Menu Close

Category: Hardware (page 1 of 5)

AirPods Pro First Impressions From a Non-Audiophile

Here’s my super quick first take on the AirPods Pro:

Fit and Comfort

As you probably know, you can change the size of the tips. If the default tips pass the Fit Test, you will still want to try the other tips. Both the default tips and the smaller tips gave me a good seal and passed the Fit Test, so I went with the smaller ones as they were more comfortable. I must have a generic ear size, as the comfort of the AirPods Pro is about the same as my AirPods, and I can’t shake them out. I know some reviewers found that the AirPods Pro didn’t stay in as well as the AirPods, but that wasn’t my experience.

Audio quality

I hesitate to even mention audio quality, as I haven’t yet done a side by side test, so my impressions on audio quality are just quick first impressions. That said, the sound quality didn’t immediately blow me away as noticeably different from my first generation AirPods. Keep in mind that I’m not an audiophile, I haven’t done a side by side comparison, and I mostly listen to spoken word.


Latency is improved over the first generation AirPods. I have an AirFly Classic wireless audio transmitter hooked up to the TV by my treadmill, for when I’m watching sports or other shows on the TiVo instead of using the Apple TV. The latency with the first generation AirPods, when connected to the AirFly, was so severe as to be too distracting to use. In my limited use of the AirPods Pro, the lag is still there, but improved. I can live with it.

Noise Canceling

Assuming the noise canceling is similar on a plane (which other reviews suggest it is), it will be good enough for me to no longer have an interest in buying a high-end pair of headphones. I had a funny moment when I activated noise canceling while walking on the treadmill, nearly eliminating noise from the treadmill. I thought the treadmill had stopped until I realized my legs were still moving.



If I never flew, my first generation AirPods would be fine. But since I’ve been considering noise canceling headphones for flights, having a pair of jack-of-all-trades earbuds is a win.

ScanSnap Not Working with El Capitan? There’s Hope

If you own an older Fujitsu ScanSnap, you may have discovered that it’s no longer supported by El Capitan. My ScanSnap S300 falls into that category. The quickest way to check out the El Capitan compatibility of your ScanSnap is by heading over to the DocumentSnap website, which has summarized the El Cap compatibility of many ScanSnap scanners. If your scanner is no longer supported, don’t give up hope.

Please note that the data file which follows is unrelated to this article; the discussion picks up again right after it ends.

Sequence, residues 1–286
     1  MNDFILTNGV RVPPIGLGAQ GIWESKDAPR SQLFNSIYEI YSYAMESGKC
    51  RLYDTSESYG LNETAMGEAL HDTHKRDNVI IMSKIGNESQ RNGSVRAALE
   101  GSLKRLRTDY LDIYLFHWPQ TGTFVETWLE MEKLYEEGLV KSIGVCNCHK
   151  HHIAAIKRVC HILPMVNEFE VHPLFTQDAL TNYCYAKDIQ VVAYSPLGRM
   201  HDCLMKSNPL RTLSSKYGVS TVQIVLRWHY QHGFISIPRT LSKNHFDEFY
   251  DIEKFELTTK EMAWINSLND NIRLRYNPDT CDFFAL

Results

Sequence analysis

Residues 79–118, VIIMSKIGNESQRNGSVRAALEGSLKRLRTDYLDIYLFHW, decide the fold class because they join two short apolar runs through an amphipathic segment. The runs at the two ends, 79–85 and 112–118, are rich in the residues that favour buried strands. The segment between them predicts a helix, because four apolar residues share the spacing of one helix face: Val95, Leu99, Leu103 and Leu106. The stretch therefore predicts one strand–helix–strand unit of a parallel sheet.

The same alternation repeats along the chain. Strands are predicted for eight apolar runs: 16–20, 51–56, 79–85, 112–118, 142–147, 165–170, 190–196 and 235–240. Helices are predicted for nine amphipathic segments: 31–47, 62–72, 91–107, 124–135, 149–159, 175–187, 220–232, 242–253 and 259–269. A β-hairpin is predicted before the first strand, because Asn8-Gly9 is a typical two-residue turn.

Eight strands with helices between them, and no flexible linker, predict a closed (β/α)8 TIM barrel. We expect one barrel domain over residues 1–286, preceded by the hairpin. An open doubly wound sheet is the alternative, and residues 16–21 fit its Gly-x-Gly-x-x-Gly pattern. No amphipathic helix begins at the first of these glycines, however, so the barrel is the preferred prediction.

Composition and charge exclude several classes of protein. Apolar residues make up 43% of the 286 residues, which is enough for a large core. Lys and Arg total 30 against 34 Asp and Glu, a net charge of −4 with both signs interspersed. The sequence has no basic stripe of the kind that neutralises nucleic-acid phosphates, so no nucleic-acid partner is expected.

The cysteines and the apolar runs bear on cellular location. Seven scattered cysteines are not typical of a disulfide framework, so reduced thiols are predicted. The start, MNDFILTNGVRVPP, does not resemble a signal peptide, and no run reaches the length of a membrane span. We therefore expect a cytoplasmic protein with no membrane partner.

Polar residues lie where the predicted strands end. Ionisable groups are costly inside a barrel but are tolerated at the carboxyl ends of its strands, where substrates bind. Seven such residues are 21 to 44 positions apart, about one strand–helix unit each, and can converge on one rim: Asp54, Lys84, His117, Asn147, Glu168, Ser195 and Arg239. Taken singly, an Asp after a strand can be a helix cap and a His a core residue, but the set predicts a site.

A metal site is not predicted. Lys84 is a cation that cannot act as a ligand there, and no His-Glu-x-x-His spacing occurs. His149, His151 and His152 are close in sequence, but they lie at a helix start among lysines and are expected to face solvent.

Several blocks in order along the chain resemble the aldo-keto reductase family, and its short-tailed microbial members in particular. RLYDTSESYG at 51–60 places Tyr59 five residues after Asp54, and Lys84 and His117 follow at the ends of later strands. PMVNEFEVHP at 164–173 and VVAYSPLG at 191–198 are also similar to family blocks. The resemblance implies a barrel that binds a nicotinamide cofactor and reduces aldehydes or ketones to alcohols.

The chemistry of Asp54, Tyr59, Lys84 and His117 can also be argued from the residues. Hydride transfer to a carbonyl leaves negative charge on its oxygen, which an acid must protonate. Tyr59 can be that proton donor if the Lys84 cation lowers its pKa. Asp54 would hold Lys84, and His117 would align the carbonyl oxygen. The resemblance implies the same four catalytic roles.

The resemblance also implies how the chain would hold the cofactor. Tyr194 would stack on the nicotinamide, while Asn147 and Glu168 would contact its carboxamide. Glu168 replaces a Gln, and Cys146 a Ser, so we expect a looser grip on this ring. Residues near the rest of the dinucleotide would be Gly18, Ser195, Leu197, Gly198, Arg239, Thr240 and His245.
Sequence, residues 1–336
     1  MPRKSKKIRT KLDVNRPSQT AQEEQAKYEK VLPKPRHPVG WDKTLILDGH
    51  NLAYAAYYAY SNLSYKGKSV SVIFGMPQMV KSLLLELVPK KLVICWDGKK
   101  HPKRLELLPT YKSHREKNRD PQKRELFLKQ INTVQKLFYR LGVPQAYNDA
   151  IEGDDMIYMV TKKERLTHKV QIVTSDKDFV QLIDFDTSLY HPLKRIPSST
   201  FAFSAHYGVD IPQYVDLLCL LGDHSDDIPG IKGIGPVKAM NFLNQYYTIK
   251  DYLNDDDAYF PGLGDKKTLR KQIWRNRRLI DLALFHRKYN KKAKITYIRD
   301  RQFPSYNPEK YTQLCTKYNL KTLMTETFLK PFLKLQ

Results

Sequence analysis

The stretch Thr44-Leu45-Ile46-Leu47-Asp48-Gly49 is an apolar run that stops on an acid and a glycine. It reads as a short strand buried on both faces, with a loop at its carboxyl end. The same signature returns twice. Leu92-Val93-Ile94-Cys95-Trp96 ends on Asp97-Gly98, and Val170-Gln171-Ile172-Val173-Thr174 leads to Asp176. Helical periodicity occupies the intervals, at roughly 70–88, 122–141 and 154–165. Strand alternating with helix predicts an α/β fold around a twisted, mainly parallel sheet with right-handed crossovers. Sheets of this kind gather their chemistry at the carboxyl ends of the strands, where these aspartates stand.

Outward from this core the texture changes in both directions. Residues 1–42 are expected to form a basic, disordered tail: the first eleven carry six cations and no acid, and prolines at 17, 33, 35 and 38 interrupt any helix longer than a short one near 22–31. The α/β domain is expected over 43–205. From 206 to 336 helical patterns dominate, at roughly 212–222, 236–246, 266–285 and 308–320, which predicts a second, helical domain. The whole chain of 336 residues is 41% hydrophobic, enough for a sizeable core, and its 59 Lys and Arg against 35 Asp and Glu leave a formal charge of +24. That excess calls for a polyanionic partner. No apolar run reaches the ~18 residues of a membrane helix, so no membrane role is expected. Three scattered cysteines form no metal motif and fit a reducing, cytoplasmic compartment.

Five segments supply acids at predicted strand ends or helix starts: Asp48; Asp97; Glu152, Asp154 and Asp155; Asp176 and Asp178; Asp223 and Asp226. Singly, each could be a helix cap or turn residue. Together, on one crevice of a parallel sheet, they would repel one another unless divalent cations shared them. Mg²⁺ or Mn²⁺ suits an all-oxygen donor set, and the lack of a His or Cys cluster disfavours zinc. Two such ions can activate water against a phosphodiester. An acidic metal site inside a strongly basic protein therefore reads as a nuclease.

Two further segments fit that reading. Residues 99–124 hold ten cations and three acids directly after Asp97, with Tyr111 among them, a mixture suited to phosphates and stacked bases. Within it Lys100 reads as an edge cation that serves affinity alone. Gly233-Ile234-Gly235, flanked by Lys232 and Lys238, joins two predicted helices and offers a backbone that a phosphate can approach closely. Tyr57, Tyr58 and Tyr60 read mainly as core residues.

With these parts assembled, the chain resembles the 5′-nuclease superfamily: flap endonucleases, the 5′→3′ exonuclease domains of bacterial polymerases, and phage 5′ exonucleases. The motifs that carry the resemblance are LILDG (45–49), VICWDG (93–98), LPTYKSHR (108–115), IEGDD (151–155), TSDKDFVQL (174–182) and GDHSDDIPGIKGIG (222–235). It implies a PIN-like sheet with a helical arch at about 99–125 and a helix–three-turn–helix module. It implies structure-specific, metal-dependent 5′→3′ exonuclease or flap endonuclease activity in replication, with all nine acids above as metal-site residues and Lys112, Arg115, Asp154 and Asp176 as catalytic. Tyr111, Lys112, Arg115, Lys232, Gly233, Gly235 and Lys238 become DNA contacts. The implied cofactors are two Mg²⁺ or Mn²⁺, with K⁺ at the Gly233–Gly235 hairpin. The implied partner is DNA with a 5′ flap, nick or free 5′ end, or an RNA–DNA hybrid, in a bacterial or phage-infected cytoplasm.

Read more

Give Your Gear Personality

A sign that you’re a true geek – you don’t name your car, but you name your computers. Someone shared a cartoon on Google+ recently of a guy naming his gear. I can no longer find that cartoon, but it did inspire me to name my computers and some other gear this weekend. On a Mac, this is in the Sharing section of System Preferences. On your iDevices, it is in the About section of the Settings app,

Somehow, gear seems to have more personality when you name it. My gear is named it after ski runs at Big Sky, Montana. My workhouse MacBook is no longer the bland “Evan’s MacBook,” but is now the hardworking “Iron Horse.” My old iMac is no longer the boring “Evan’s iMac,” but is the reliable and most senior “Papa Bear.” My media server is “Hollywood,” and so on.
Read more

Fujitsu Finally Makes Their Windows ScanSnap Scanners Work on Macs

Scansnap driver mac and windows

As a follow up to my recent post on the World’s Most Awesome Automated Filing System, I intended to write a post on how to get your Windows-only ScanSnap Scanner working on your Mac. This would have been important to those of you who switched from Windows to Mac, and wanted to use your old scanners. Until recently, Fujitsu, the maker of the ScanSnap, created an artificial distinction between their Mac and Windows scanners. The hardware was identical, which should have meant that as long as you had the correct driver for your system, either scanner should have worked on your machine. Unfortunately, Fujitsu built a check into their drivers, so that a Mac would see that you had the Windows-branded version of the ScanSnap, and not be able to use the scanner. This was an incompatibly cooked up out of thin air by Fujitsu. As much as I’m a huge fan of the ScanSnap line, this had the stench of an attempt to create more sales. Fortunately, those days appear to be over.

Read more

3D Printing Is Here! And So Are the Copyright Police


40Tech is pleased to present this guest post by Kyle from

3D printing at the moment is slowly becoming a more publicly available technology. In the not so distant past the technology was only really used by big companies in industries such as engineering to create prototypes, models, etc, but within the last few years there has been a big increase in public availability with a number of cheaper 3D printers appearing on the market.

Read more